Could you do that with analog technology?  Like, everyone puts money in a prepaid account ledger, and the farm subtracts from that account each week when the customers come in.  More work for the farmer, not as fluid and quick as the card, but only requires a book and a pencil. 
josh brill


Joined: Sep 06, 2010
Posts: 86
    
    1
A ledger would work just as well.  It adds to your responsibility of being organized and having a good system for documentation in place.  It would certainly be less of an overhead cost when you were testing out the idea for your market.
            


Joined: Dec 04, 2010
Posts: 79
How about a punch card?  A business card with the farm's name, the cardholder's name, and a bunch of say, $5 punch dots.  A customer buys the card, and each time they pick up produce, the card is punched.  Once the card runs out, the customer has the option of buying a new card.  That's just about as analog as you can get.  The farmer gets the money up front, and the customer gets what they want, as they want it.  If they want to skip a week or two, the produce would go to someone else.
Travis Philp
volunteer

Joined: Dec 28, 2009
Posts: 951
Location: ZONE 5a Lindsay Ontario Canada
    
    8
weird. I stopped getting notice of replies to this thread awhile ago.

I'm liking the ledger idea. Simple, low tech, and you don't have the problem of people losing/forgetting their cards. Its hard enough getting customers to bring bags & boxes back.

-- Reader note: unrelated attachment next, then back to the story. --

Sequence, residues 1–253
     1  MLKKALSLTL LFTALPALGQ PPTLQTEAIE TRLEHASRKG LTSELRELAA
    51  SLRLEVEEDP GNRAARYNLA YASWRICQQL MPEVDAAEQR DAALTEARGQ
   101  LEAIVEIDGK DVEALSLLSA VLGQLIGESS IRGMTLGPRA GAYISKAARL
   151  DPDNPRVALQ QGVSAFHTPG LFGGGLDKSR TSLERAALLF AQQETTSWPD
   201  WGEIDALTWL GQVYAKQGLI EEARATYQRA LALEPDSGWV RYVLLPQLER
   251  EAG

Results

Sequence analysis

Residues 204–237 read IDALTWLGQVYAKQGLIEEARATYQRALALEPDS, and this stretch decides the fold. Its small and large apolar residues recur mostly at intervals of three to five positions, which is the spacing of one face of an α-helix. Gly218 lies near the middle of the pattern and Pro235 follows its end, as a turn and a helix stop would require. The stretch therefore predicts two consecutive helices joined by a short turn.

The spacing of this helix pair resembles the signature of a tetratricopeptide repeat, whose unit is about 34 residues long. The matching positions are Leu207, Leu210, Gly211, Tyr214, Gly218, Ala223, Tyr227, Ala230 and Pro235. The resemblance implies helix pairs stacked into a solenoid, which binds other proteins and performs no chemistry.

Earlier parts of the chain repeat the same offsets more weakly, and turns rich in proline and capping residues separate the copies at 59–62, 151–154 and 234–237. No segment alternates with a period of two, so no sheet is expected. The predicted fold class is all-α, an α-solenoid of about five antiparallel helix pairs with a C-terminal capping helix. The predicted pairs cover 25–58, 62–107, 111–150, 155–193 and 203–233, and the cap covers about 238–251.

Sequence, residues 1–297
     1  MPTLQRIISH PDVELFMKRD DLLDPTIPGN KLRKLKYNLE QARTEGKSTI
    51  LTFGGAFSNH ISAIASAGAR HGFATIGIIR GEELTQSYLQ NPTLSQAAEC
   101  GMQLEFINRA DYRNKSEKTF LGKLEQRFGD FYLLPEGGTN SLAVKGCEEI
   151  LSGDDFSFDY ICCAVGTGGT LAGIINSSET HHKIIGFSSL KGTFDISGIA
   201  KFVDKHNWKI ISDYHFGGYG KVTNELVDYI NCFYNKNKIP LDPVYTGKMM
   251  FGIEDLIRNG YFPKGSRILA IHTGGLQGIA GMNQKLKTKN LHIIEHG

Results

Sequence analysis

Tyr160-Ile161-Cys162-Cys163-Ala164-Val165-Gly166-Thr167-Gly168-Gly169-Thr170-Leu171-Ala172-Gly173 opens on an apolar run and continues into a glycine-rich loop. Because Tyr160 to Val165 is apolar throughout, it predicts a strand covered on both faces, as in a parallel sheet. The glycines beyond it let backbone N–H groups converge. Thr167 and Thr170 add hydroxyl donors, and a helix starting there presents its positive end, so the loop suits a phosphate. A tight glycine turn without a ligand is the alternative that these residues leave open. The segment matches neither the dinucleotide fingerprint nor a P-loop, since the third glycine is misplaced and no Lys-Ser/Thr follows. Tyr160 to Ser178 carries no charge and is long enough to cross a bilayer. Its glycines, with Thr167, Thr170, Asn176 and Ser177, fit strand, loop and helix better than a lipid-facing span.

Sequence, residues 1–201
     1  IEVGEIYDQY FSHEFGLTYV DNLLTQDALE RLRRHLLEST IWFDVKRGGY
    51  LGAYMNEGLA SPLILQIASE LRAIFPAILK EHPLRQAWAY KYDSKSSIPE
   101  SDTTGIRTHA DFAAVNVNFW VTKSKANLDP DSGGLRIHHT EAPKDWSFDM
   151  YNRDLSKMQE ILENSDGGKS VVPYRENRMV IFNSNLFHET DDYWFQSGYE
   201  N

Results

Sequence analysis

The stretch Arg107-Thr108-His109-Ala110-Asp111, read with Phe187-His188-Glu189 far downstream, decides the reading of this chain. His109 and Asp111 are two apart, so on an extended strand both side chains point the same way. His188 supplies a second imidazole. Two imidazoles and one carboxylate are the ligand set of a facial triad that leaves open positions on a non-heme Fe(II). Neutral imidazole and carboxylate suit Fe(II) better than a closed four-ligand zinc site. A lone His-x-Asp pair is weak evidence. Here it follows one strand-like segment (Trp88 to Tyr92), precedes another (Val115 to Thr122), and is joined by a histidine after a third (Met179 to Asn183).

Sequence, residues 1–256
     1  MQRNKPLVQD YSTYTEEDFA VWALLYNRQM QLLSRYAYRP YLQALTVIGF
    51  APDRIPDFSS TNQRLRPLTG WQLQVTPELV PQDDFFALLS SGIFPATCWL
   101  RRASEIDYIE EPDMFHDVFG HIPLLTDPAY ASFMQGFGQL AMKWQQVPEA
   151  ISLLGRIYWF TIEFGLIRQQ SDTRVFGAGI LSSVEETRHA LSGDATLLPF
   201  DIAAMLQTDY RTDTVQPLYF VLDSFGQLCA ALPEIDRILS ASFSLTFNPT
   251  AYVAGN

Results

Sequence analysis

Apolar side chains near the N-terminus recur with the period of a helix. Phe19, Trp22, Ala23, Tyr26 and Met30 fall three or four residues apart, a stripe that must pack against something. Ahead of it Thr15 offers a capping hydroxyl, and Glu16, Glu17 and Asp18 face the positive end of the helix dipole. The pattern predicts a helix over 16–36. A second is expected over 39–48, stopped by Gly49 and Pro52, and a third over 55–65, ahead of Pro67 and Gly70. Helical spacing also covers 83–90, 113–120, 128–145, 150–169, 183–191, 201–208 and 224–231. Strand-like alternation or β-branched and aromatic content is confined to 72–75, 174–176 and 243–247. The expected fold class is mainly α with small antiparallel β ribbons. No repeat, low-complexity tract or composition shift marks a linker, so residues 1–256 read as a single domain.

The website idea is looking less feasible as I'm not sure we could make time to manage that.

Still apprehensive about changing the CSA model and having it blow up in my face but the normal model sure has significant downsides. Sooo stressful, especially at the beginning of the year.
Jason Tomblin


Joined: Nov 17, 2011
Posts: 31
Location: Fraser Valley, BC Canada
Here's the link to that software that the co-op's use mentioned in previous posts. I may give it a go myself next season if I can get it organized. It looks like a pretty simple interface to manage but would definitely require some time to get going and to operate it. There are links to download there too as well as some other sites using the software.
eric firpo


Joined: Nov 18, 2011
Posts: 25
I do a CSA and reach people with email. I have about 450 email addresses now, and get more addresses by going to local events, such as the Earth Day festival here, and signing up more people. There are few problems. I deliver to homes in town once a week, and a couple of days ahead of time send out an email that lists what will be in that week's bag. Customers respond. I deliver. No response. No delivery.

The feedback I get is that people really like getting my emails. I've had a few people ask to cross them off my email list, but they're almost always people who don't order bags anyway.

I let people switch out stuff they don't like. More oranges instead of turnips, for instance. What I've found is that generally people are happy with what's in the bag, and only a few want a special order. No one who's ordered has ever changed their minds. There are pros and cons of course. Because there is no contract to sign, it's unpredictable how many deliveries I will have each week. My biggest worry is that I can't fulfill orders because I have too many and not enough produce. Hasn't happened yet, and when I expect to get tons of orders each week, I'll put a limit on how many deliveries I'll make. Tell folks it's first-come, first served. That will encourage those who really want my stuff to pay for several weeks at a time to ensure they get a bag.